The Darkest Hour (Gary Oldman plays Churchill).

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The Darkest Hour (Gary Oldman plays Churchill).

Post by The Romulan Republic » 2018-01-03 05:22pm

So, I saw this movie yesterday.

I wasn't expecting all that much, besides an excellent performance from Gary Oldman (although in my opinion, "starring Gary Oldman" is arguably the only recommendation a film ever needs). Churchill is not one of my favourite historical figures, and this film shared a director with Atonement, a film which I did not particularly like.

I was, however, quite pleasantly surprised. The first half of the film seemed a little weak to me- a bit too silly, a little cliché at times. Perhaps inevitably given the subject matter, the film has a pro-war subtext, and probably whitewashes Churchill a bit (though definitely portraying him as flawed).

However, the second half of the film is very solid film making, doing a fine job of building the tension as the defences in Europe and the confidence of the British government crumble, and using comedy and tragedy in concert very effectively. By the end of the subway scene, I was honestly in tears. Gary Oldman is, of course, magnificent as always- his voice seemed a little off from the recordings I've heard of Churchill, but other than that he slipped as seamlessly into the part as he always does. But I was also impressed by the performances of Lily James as Churchill's secretary, and of Ronald Pickup as Neville Chamberlain.*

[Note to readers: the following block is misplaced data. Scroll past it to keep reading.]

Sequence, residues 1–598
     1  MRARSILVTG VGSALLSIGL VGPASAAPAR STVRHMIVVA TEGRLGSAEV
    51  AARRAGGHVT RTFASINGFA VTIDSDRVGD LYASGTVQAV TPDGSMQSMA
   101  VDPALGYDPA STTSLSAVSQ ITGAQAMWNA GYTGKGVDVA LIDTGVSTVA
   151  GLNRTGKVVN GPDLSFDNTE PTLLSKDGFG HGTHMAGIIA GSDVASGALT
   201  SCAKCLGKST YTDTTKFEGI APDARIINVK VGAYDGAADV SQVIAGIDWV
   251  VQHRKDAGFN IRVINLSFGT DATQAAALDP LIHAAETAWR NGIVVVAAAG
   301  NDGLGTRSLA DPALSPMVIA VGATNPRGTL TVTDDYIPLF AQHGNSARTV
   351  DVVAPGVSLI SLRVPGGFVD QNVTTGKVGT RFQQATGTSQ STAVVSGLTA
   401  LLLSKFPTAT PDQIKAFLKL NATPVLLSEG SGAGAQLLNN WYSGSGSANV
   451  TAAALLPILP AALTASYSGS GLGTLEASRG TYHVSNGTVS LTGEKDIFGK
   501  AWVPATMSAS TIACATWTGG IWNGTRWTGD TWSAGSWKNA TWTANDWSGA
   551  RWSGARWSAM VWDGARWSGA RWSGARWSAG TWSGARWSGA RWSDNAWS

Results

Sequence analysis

My only real criticism, performance-wise, is of Ben Mendelsohn as King George the VI. And I recognize that I'm not really being fair here. There was nothing wrong with his performance- its just that I will always measure any portrayal of George the VI against that of Colin Firth in The King's Speech.

I also think that Churchill's message of defiance in the face of rising tyranny and fascism is one that people need to hear again right now, in this age of cynicism and defeatism, where the spectre of fascism is once again stirring and gaining strength.

Bottom line- Go see this movie. Its arguably the best new film I've seen in theatres in at least two and a half years. It would also, I think, make a wonderful double-feature with Dunkirk, though despite my respect for Nolan as a director, I preferred The Darkest Hour overall. This probably ought to be a Best Picture contender, and I will be rather disappointed if it does not win Gary Oldman his (long overdue) Best Actor Oscar. I also would not object to Best Director, Best Screenplay, and Best Supporting Actress nominations.